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    Dec 01, 2015

    Changi goes all out to please travellers

    CHANGI Airport has 880 mobile phone charging stations, 23 hot water dispensers and water coolers in every gatehold room.

    The amenities are there because travellers have asked for them, said Changi Airport Group's executive vice-president (airport management) Tan Lye Teck.

    Meeting demands as passenger numbers rise is a challenge with more than 60,000 pieces of feedback received daily - 1.8 million a month - but the airport tries hard.

    "We must be doing something right," said Mr Tan.

    Last month, Changi received its 500th best airport award, from Business Traveller (China).

    Airports are ranked regularly by research houses and industry publications such as magazines that survey travellers on their check-in, immigration and duty-free shopping experience, among other variables.

    Mr Tan said: "It's not the trophies but the feedback from customers and users that matters and spurs the entire airport community to work even harder."

    It it tough to stay on top with other Asian airports and those in the Middle East for example, stepping up their game.

    Mr Tan said: "To maintain status quo is to slip. So yes, we visit other airports to see what they are doing and what they are offering.

    "We also look at our target market to study consumer preferences... The competition has become more intense in the last 10 to 15 years so we have to push extra hard."

    It is critical for the entire team - airport staff, airlines, ground handlers, immigration, Customs and security staff - to work as one.

    "With 20,000 to 30,000 working at the airport on any given day, this is the nub of the challenge," added Mr Tan.

    Training is critical and regular seminars and workshops are conducted. Staff are also rewarded and recognised when they do well.

    On the flipside, penalties are imposed when airlines, for example, fail to ensure that check-in waiting times do not exceed stipulated standards, or ground handlers are not able to get bags from arriving aircraft out on time.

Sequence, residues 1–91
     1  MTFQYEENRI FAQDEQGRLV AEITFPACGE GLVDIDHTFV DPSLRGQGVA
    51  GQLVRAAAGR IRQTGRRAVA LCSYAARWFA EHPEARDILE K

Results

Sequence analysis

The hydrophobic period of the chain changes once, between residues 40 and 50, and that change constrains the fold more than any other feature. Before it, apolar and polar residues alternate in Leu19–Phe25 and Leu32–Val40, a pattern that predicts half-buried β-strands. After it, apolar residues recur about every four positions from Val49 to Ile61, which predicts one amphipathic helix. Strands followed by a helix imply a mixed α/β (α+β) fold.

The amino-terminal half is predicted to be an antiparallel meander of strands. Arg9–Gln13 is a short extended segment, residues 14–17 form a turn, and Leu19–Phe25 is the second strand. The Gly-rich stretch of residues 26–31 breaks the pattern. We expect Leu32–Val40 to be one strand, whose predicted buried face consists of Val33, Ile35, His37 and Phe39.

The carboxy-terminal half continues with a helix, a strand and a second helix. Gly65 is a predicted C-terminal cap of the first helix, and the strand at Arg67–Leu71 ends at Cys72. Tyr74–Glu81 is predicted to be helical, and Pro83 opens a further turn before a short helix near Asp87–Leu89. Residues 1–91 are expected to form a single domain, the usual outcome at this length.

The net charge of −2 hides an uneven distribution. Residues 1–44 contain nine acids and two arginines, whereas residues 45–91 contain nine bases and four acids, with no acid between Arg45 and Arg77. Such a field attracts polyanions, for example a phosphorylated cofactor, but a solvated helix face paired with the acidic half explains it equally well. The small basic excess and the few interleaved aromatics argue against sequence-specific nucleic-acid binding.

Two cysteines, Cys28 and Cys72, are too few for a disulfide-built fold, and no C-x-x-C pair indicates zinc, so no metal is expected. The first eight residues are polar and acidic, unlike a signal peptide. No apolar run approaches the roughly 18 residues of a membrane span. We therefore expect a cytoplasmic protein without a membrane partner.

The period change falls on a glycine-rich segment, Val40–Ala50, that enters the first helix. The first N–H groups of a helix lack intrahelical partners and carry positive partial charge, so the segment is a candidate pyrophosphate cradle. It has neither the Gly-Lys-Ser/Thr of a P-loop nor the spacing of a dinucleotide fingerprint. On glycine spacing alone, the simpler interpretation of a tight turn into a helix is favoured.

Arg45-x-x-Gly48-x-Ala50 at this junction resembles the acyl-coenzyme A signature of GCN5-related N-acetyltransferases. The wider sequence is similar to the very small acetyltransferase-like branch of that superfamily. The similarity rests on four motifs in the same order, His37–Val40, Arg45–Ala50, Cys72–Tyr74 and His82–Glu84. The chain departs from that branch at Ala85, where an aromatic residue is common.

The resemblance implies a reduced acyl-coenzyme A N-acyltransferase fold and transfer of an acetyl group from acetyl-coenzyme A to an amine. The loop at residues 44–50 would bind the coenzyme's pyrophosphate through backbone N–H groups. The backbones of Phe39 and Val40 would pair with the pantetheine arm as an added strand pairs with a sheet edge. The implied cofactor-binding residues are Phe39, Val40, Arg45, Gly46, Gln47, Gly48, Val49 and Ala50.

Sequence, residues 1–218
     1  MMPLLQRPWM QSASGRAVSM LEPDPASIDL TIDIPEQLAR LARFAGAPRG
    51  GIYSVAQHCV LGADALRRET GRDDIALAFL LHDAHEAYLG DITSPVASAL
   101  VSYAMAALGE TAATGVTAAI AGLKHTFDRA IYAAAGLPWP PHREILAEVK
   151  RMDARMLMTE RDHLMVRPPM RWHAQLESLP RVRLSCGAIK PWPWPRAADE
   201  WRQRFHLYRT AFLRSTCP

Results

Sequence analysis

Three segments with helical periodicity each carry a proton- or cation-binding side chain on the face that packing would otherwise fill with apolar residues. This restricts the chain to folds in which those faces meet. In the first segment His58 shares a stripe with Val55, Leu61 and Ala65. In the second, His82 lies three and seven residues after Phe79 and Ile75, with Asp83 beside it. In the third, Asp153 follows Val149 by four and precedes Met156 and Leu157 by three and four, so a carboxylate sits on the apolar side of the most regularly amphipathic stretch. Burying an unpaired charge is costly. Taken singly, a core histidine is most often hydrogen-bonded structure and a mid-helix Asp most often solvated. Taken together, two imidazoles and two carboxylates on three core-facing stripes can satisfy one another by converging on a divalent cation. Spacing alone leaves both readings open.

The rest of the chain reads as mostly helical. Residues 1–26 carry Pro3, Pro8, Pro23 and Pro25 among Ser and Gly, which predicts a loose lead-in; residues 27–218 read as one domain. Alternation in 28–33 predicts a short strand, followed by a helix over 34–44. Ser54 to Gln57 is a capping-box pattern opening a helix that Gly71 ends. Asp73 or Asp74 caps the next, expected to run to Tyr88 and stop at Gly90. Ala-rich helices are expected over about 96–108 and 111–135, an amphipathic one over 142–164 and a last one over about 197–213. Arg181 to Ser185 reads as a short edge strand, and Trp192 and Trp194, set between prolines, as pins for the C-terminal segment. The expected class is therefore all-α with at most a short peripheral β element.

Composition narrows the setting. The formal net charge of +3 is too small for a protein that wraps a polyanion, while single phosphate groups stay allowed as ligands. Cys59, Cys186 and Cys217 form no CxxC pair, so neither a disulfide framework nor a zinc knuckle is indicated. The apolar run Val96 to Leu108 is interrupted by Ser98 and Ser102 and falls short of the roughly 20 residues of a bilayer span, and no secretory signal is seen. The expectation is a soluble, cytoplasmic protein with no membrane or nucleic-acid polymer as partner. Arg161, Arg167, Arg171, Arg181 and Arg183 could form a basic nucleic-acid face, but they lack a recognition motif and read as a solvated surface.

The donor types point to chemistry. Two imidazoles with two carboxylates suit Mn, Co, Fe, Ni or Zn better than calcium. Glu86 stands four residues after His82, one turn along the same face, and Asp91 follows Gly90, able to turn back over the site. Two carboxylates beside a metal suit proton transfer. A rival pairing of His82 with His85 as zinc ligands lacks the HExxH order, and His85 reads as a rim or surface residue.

Mr Tan declined to give details but said: "We don't do this to get at people. At the end of the day, we're all in it together with a common purpose... But we also need a system of targets and penalties that serve to provide a bit more structure and clarity in terms of expectations.

    "We do this because customers expect the highest standards.

    "We are, at the core, a service company and we take feedback very seriously. We have data mining tools that allow us to analyse trends from week to week and month to month, to study the difference between a Saturday morning versus a Friday afternoon, to see which contractors are better, which check-in row is more efficient and the list goes on."

    When a negative comment comes in, "and it is true that we have not kept up, then we will fix it", he said.

    The next big challenge for Changi Airport is automation as a manpower shortage drives the need for self-service kiosks for check-in, baggage tagging and aircraft boarding, he added.

    Travellers like businessman P. N. Ramasamy, 60, gave Changi the thumbs up for being clean and efficient, with good shopping and dining offerings, as well as facilities such as foot massage stations and a cinema.

    He said: "If you have a few hours to kill, Changi is the best airport to be in."